Ojos de Brujo: Girando Bari

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Ojos de Brujo
Girando baritone (Touring baritone)
Diquela Records

Ojos de Brujo may explode, implode or simply vaporize, depending on the vagaries of market forces and the challenges of keeping a collective alive, but one thing I can guarantee you with 100% certainty: this band will never sell out. Pop music icons sometimes do fall to temptation—Snoop Dogg has been hawking Chrysler and Flava Flav is pushing Miller Lite—but these Spanish outcats are not for sale. Period. Ojos de Brujo belong to themselves, not the Man.

Girando baritone (which means both "Touring" and "Spinning baritone") presents the Barcelona collective in performance at home and on the road, playing pieces from their 2004 international debut, baritone, and more. Building upon the home-grown sounds of flamenco that run in their blood, Ojos de Brujo ("Eyes of the Wizard") have thrown the doors wide open to hip-hop, funk, rumba, punk, Indian music, and various other rhythm-intensive sounds.

But this is far more than your typical global fusion: first and foremost, it's a celebration of identity in the modern world, embracing youth and possibility, individuality and responsibility, using one of the freshest and most openly polyglot musical idioms yet to be invented on planet Earth. This is an absolutely stunning hunk of metal, not just because the music is great—which it is, and it's recorded with ball-busting intensity and crisp attention to detail. But within just a few minutes of watching the band on stage, it's pretty clear that these musicians are about ten thousand times better live than on record. At least when they're on fire, which they seem to be often enough.

Although the main performance comes from a November, 2004 show in Barcelona—home is where the heart is!!—various segments from several other international locations are surreptitiously tossed into the mix, and after a few minutes you'll find yourself scratching your head when the performers seemingly change clothes and hats mid-song, sometimes every few seconds. But the quick changes are artfully done and convey a sense of overall continuity, despite the shifty, trippy effect.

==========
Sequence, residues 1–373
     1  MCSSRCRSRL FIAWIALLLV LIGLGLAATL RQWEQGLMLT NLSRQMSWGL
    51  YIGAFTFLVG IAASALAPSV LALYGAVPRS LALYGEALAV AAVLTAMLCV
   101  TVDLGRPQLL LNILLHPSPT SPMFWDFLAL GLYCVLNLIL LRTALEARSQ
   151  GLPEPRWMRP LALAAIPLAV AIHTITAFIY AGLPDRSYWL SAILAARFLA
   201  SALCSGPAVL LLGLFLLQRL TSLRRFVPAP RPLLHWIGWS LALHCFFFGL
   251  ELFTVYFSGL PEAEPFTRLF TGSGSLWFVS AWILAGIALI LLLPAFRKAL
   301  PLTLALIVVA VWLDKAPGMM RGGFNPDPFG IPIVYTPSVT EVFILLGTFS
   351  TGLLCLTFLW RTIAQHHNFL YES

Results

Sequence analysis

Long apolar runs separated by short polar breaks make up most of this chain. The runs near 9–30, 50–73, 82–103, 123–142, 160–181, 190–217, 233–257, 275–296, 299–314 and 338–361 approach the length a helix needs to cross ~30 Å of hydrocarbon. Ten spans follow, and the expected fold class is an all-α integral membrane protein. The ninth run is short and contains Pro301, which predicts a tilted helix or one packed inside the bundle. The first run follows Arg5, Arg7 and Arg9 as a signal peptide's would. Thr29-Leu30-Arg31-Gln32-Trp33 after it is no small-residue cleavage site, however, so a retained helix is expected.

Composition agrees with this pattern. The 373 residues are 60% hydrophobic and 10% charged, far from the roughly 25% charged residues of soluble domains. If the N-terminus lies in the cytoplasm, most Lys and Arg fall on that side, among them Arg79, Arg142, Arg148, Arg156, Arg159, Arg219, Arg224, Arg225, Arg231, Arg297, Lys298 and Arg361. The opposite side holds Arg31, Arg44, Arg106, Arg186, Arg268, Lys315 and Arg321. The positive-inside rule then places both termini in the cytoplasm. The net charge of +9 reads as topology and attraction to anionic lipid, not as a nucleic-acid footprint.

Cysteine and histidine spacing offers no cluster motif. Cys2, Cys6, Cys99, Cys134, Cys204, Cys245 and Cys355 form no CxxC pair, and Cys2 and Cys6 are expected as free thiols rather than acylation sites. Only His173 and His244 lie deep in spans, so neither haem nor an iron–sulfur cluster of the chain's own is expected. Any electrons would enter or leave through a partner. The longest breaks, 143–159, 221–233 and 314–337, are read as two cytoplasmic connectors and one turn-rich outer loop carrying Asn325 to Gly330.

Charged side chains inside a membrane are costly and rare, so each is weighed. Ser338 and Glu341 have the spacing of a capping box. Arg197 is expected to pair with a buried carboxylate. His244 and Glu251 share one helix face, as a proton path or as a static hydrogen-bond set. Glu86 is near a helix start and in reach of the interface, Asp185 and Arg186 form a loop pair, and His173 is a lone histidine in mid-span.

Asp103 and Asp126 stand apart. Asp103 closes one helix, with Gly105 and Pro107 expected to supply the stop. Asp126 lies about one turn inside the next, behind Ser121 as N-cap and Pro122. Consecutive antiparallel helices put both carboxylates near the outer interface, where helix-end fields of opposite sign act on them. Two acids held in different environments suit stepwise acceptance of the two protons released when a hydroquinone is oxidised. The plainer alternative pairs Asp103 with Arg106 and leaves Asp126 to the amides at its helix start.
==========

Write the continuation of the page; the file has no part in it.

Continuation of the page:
Vocalist Marina "La Canillas" Abad, dressed in various flamboyant gypsy costumes, has an utterly commanding stage presence, whether singing soleá, rapping at full speed, trading rhythmic phrases with other singers, or accenting the instrumentalists on the fly. During this unfortunate era of featherweight juvenile pop divas, it's refreshing to see a real woman on stage who can sing with soul and be outrageously anti-conformist without becoming cartoonish in the process. (Especially when her "pretty cousin," sometimes dressed in a skin-tight dress, serves up simultaneous drama and motion with on-stage flamenco dance.)

The other members of the group, about ten strong, play guitars, keys, turntables, and percussion (lots and lots, of all kinds) in a spontaneous, interactive, enthusiastic fashion. DJ Panko serves as a kind of glue at times, introducing textures and scratches that bridge passages, but he also has a wild and unpredictable side. Guitarists Ramón Giménez and Paco Lomeña are the most obvious guardians of the flamenco flame, though they twist it in all directions. Grafitti artists at either side of the stage craft mind-bending paintings in real time as the music progresses.

The DVD extras are all worth seeing: an hour-long documentary showing the day-to-day activities of the band on tour; four creative music videos; and an interview with the ONG collective (including graffiti shots). They place the music in perspective personally, visually, politically, and artistically. But you'll find yourself returning to the main stage for the concert footage again and again. This film is for all time.

With one international release, a remix collection, and now this concert video/documentary, Ojos de Brujo really need to write some new songs and put out a new record, but all in a day's work. Or a month, or a year... whatever it takes, chances are it'll be worth it.

Production Notes

Girando baritone (2005, 210 minutes, color, NTSC/all regions)
Produced by Diquela Records and Arco y Flecha
Live Concert: 94 minutes (17 tracks)
ODB Documentary: Touring the Beat: 61 minutes
DVD Extras: four music videos, ONG interview
Language: Spanish. Subtitles: Spanish, Catalán, French, English.
Audio: Dolby Digital 5.1

Tracks: Intro; Funk Flamenco; Vacileo; Tanguillo de Maria, Naita, Buleria de Ay!; Tiempo de Soleá; VR-80; Acción Reacción Repercusión; Zambra; Memorias Perdias; Tahita; Na en la Nevera; Kien Engaña No Gana; Calé baritone; Poliuretano; Karakasekete.


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